The Central Division will be located in Paris (software, physics and other cases) and Munich (mechanical engineering cases). Life sciences cases, along with chemical and metallurgical cases, were due to be heard in London. However, following the UK’s withdrawal, it is expected that this seat will be relocated, possibly to Milan, although The Hague or Dublin remain possibilities. Until a decision is made, these cases will be distributed between Paris and Munich. The Court of Appeal will be in Luxembourg.
Life sciences companies are often engaged in multi-jurisdictional European patent litigation, and forum shopping opportunities presented by the UPC during the transitional period will be of interest, both in terms of whether proceedings should be brought in the UPC or national courts (see opt-out below), and in which UPC division proceedings should be commenced.
UPC decisions will cover all participating member states in respect of a UP, and for a European patent, the territory of those participating member states for which the patent in suit has effect. A central decision revoking a patent, and relief including preliminary injunctions (PIs) and final injunctions, will therefore apply across all participating member states. The prospect of central revocation is a considerable risk for patentees but potentially a great advantage for those trying to enter the market. By the same token, the threat of a cross-border injunction will provide patentees with considerable leverage.
These features of the UPC system give rise to litigation strategy considerations for life science companies, which will be discussed in “Unified Patent Court: strategic considerations for life sciences companies”. However, there are more immediate decisions to be made, notably whether life sciences companies should participate in the system at all.
Decision: strategic importance of opting out
The UPC will have exclusive jurisdiction for infringement and validity disputes relating to UPs, and after the end of the transitional period, classic European patents that have not been opted out of the UPC (Article 83(1) UPCA). Life sciences patents are commercially valuable, with medtech, pharmaceuticals and biotech featuring in the top ten technology fields for EPO patent filings in 2021, continuing a five-year trend. While there is no option to opt UPs out of the UPC, life sciences companies with valuable patent portfolios will need to evaluate their assets and decide whether to opt their classic European patents out of the system (Article 83(3) UPCA).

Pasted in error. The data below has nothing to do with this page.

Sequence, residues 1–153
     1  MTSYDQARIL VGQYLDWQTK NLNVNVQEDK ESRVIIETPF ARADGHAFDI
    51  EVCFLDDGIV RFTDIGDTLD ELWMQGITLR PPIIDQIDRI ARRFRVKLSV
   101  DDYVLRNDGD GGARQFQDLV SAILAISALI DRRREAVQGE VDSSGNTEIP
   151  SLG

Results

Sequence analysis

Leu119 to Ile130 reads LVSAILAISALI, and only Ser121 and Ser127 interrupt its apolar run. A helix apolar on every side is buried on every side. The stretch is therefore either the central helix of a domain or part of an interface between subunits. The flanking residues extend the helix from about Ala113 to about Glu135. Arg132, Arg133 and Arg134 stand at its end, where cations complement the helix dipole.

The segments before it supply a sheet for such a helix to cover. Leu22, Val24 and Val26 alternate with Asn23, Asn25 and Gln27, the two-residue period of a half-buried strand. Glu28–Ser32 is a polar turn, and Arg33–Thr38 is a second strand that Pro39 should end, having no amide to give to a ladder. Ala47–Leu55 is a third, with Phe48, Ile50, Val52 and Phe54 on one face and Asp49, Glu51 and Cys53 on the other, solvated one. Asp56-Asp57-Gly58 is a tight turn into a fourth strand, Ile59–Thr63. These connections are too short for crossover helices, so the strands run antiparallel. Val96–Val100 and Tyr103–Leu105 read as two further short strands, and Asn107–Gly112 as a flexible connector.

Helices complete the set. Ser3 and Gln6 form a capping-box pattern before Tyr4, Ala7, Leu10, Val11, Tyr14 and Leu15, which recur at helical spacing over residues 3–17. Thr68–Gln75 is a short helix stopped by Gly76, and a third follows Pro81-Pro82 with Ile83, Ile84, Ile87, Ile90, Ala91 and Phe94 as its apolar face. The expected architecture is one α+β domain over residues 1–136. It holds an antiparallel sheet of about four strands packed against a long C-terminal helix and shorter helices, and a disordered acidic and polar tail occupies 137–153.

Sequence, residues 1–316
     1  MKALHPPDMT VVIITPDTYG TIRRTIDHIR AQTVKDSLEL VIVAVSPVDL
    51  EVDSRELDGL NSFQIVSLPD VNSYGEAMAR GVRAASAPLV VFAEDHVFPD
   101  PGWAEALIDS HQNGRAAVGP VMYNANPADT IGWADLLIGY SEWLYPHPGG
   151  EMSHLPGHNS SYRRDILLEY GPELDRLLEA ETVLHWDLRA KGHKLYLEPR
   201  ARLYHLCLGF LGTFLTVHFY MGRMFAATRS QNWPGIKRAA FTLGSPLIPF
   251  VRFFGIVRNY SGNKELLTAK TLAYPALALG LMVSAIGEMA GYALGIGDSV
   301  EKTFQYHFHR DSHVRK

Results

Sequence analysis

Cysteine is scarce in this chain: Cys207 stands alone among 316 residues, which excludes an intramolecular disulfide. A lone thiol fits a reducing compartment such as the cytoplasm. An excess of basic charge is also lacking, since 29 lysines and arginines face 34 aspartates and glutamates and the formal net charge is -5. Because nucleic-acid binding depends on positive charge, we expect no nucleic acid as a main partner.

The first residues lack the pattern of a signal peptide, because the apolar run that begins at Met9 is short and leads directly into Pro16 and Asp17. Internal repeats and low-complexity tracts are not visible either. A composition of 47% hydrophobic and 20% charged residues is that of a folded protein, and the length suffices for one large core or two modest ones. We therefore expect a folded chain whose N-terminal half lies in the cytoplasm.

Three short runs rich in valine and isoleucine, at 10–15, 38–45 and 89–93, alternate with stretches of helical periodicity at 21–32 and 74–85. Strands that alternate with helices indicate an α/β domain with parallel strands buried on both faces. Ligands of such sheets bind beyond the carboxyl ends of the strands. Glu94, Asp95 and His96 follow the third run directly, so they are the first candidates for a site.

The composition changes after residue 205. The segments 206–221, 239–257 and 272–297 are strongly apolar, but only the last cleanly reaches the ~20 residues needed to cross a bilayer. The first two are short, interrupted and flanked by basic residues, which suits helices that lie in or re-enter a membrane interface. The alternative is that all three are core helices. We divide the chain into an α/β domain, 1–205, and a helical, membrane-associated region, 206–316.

Opt-outs are possible during the transitional period of seven years (which may be extended to 14 years (Article 83(5) UPCA)). If opting out, the UPC will have no jurisdiction, and the patent would be subject to the exclusive jurisdiction of the national courts.
An important strategic consideration in assessing the value of opting out is the dual jurisdiction during the transitional period: disputes concerning classic European patents may be litigated in either the UPC or the national courts of the participating member states unless the patent is opted out. After the transitional period, the dual jurisdiction will be removed, and all classic European patents that designate participating member states will become subject to the exclusive competence of the UPC unless they have been opted out (Article 83(3) UPCA).
Once notified and registered, an opt-out takes effect for the European patent for all participating member states in which the patent has been validated. An opt-out normally remains in force for the lifetime of a European patent unless the proprietor withdraws it (Article 83(4) UPCA).
The choice of whether to opt a classic European patent out of the UPC should ideally be made during the sunrise period (Rule 5.13 Rules of Procedure (ROP), UPCA), which will begin three months before the UPC opens its doors, most likely in Q4 2022. If the patentee waits until the UPC has come into existence, opting out may no longer be available; if a competitor has already commenced proceedings in the UPC, the patentee could be “pinned” into the UPC and be forced to defend the patent there (Rule 5.8 ROP).